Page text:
Fresh Fruit Pavlova
by Nick Nairn from Nick Nairn Cook School (Octopus)
Photography by Francesca Yorke
100g / 3½ oz egg whites
1 tbsp cornflour
A squeeze of lemon juice
100g / 3½ oz caster sugar
400ml / 14 fl oz double cream
250g / 9 oz strawberries
100g / 3½ oz raspberries
Sifted icing sugar, for dusting
Raspberry sauce, to serve (see recipe below)
1. Preheat the oven to 140C/275F/gas mark 1.
2. Place the egg whites in a clean stainless steel bowl. If you have a table top mixer, this the time to get it out as there is a lot of whisking involved here. Set the timer on a slow setting and beat the whites to the soft peak stage.
3. Dissolve the cornflour in the lemon juice and add this with half of the sugar. Increase the speed of the mixer and beat for 2 minutes until the mix reaches the medium peak stage.
4. Finally add the remaining sugar and beat again for 5 minutes until all the sugar is incorporated and the meringue is very, very thick and shiny or forms stiff peaks.
5. Mark a 25cm/10 in circle on a sheet of non-stick baking parchment and place it on a baking sheet. Fill a piping bag, fitted with a plain wide nozzle, with the meringue. Starting in the centre of the circle, pipe the meringue on to the paper, working outwards in a spiral (a bit like a childish snail drawing); continue until the circle is filled with meringue. Next pipe blobs on top of the circle all the way around the edge and make a second circle of blobs inside the first.
6. Bake for 25 minutes, turn off the oven and leave the meringue inside for a further hour, where it will carry on cooking and then cool down very slowly.
Remove from the oven when completely cold.
7. To serve, whisk the cream until it reaches the soft-peak stage. Carefully remove the baking parchment from the meringue, set it on a serving plate and spread the cream over the top, swirling it with a palette knife to cover the surface.
8. Slice the strawberries thinly and arrange on top of the cream, leaving the centre free for the raspberries. Pile the raspberries into the centre and dredge the whole thing with icing sugar. Serve with raspberry sauce.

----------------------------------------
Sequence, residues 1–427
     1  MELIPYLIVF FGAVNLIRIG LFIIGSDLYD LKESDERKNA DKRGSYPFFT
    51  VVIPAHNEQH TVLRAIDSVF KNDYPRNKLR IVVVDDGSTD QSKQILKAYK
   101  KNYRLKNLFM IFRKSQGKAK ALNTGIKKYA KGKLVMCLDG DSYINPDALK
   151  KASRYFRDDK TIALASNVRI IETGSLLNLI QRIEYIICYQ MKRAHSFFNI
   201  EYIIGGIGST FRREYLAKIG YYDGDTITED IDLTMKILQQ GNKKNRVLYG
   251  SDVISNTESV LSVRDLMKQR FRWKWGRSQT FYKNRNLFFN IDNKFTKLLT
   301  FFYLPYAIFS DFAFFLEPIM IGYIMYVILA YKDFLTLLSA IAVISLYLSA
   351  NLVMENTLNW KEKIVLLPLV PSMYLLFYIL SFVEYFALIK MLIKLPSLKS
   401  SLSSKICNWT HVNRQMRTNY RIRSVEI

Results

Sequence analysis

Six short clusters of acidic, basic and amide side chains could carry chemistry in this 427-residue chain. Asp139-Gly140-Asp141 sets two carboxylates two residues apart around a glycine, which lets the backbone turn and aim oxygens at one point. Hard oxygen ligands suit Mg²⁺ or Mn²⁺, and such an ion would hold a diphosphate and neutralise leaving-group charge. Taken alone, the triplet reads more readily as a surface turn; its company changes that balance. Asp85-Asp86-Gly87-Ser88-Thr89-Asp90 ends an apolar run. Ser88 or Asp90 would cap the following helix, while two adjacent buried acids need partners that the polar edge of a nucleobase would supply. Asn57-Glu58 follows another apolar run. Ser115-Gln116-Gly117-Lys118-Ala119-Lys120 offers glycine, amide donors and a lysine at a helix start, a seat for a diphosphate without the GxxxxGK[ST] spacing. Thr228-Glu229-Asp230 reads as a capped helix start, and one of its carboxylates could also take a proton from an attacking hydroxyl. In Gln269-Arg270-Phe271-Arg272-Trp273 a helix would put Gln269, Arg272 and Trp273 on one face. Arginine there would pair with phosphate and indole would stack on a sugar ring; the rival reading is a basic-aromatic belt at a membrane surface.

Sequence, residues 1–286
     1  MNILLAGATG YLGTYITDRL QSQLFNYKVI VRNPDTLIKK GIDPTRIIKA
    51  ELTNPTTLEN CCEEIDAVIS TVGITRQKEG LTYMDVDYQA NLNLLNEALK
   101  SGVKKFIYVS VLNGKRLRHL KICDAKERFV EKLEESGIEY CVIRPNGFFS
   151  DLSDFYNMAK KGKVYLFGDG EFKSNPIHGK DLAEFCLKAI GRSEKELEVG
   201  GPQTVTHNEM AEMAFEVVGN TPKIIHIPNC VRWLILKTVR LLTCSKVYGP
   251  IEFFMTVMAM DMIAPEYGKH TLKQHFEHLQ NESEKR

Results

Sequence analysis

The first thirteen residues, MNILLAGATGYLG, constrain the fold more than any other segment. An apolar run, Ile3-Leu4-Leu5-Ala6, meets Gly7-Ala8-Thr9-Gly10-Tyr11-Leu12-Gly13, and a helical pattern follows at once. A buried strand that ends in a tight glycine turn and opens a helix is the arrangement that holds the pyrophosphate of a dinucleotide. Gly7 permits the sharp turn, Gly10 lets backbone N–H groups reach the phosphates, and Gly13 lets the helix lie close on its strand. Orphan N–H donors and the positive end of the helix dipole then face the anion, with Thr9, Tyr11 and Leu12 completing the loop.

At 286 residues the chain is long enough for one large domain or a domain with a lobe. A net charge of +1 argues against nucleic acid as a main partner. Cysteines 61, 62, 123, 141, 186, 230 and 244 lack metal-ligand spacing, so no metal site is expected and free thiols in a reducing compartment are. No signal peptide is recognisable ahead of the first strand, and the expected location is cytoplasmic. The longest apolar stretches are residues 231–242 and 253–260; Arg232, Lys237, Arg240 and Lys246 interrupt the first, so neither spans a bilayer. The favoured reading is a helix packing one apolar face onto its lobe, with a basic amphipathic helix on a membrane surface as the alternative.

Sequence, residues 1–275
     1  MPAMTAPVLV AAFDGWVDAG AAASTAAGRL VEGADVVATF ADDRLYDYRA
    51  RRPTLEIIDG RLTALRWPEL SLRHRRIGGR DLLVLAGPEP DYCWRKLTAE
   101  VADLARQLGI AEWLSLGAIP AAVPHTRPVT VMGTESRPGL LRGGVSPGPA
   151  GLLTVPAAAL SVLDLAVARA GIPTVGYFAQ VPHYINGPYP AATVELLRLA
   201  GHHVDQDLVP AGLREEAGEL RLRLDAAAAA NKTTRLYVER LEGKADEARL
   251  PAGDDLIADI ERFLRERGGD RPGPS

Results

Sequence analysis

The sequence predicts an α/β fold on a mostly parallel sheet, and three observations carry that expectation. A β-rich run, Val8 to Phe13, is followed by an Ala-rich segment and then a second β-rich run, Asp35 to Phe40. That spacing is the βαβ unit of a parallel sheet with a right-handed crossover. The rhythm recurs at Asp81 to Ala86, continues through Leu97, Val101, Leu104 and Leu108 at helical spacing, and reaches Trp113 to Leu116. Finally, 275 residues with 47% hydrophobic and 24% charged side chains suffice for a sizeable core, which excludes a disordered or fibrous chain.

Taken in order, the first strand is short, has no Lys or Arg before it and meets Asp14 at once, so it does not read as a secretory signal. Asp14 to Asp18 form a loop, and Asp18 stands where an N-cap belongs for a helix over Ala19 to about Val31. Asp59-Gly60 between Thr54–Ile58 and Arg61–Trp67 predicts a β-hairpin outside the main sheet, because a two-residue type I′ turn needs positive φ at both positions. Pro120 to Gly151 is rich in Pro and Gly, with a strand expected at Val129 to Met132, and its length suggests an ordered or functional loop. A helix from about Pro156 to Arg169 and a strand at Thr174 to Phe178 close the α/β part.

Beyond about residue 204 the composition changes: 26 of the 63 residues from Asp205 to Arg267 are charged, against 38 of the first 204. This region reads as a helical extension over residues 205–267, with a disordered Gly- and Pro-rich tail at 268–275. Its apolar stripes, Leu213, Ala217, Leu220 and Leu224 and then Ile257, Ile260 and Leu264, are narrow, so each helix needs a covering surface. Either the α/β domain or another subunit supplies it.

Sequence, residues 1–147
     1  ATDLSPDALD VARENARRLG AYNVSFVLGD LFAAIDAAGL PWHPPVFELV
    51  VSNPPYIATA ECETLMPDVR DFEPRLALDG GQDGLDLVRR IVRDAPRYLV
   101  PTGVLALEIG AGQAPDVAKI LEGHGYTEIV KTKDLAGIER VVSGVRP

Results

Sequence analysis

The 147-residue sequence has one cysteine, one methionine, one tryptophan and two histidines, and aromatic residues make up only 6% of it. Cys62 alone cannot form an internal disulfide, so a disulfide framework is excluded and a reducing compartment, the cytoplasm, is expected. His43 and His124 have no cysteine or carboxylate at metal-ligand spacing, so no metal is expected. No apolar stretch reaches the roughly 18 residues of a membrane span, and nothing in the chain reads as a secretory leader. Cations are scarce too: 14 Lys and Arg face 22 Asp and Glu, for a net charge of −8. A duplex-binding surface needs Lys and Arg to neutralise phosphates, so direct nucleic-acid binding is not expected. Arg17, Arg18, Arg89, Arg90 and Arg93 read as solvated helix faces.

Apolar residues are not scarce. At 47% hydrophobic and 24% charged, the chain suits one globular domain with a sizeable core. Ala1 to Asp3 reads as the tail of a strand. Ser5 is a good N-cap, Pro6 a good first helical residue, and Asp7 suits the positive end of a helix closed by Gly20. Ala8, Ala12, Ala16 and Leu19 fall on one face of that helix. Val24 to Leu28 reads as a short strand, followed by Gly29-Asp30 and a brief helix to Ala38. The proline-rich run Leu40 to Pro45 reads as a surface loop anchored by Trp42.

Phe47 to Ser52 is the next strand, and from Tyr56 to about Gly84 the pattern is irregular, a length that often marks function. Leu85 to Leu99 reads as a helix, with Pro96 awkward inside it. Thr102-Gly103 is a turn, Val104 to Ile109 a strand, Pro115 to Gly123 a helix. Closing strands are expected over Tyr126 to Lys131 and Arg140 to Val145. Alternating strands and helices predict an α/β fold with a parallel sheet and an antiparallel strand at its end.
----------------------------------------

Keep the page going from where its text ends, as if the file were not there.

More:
Whisking egg whites (see below)
Mise en place
The meringue can be made and stored in a large container with a tight-fitting lid for about 1-2 days. If serving for a dinner party, have the meringue ready, lightly whip the cream and assemble at the last minute.
Nick says: My favourite fruit combination for pavlova is fresh strawberries with raspberry sauce – a real taste of summer! I don’t bother piping meringue – I just spoon it into a mound and make a hollow in the centre. It might take a bit longer to cook this way. You can also make a large rectangular pavlova and cut out portions to serve.
Makes about 200ml/½ pint
350g / 12oz fresh or frozen raspberries
25g / 1oz icing sugar, or more to taste
1 tablespoon freshly squeezed lemon juice
1. Place the raspberries, icing sugar and lemon juice into a blender and whizz for 45 seconds.
2. Pour this through a fine sieve into a bowl, cover and refrigerate before using. This will keep for up to 3 days in the fridge, or 3 months in the freezer.
3. An alternative method is to pour the sugar over the raspberries and lemon juice and leave for 20 minutes before forcing the mix through a fine sieve. This avoids splitting the raspberry seeds, which can make the sauce bitter.
Tip: Heating the raspberries just until the juices start to flow gives the sauce extra vibrancy and flavour.
1. Begin by separating your eggs. Break the egg carefully in two and pass the yolk gently between the two parts of the shell. Be careful not to damage the yolk, as even a little yolk in the white will prevent it from whisking up correctly.
2. Add a little lemon juice or cream of tartar to the whites. This will help to stretch the whites and make it easier to tease out the long strands without them snapping. This is essential for fluffy whites. Older egg whites will increase in volume much quicker than fresher eggs. The foam is a little less stable than fresh whites, but ideal for meringues.
3. We prefer to use a stainless steel bowl to whisk eggs, but a glass or ceramic bowl will do. Avoid plastic bowls as they can often hold a residue of grease, which will prevent the eggs whisking properly. Tilt the bowl up at an angle and begin to whisk.
4. Lift the egg whites high to allow as much air as possible into the mix.
5. Continue whisking until the egg white stands up in soft peaks. With a soft peak the peaks will curl over rather than stand up stiffly. Eggs reach the soft peak stage relatively quickly, so whisking by hand will allow for the best control. Soft peak mixes are often used to lighten up mixtures.
6. If you continue to whisk for longer, the mix will start to stiffen a little. A medium peak is just a little firmer than a soft peak, but should still wobble when the whisk is shaken.
7. Meringues require egg whites to be whisked to a stiff peak. Even the strongest arms would give up on this task, so it’s best to use a hand mixer, or even better a table top mixer. Stiff peaks appear shiny and moist and when ready will remain in a bowl held upside down.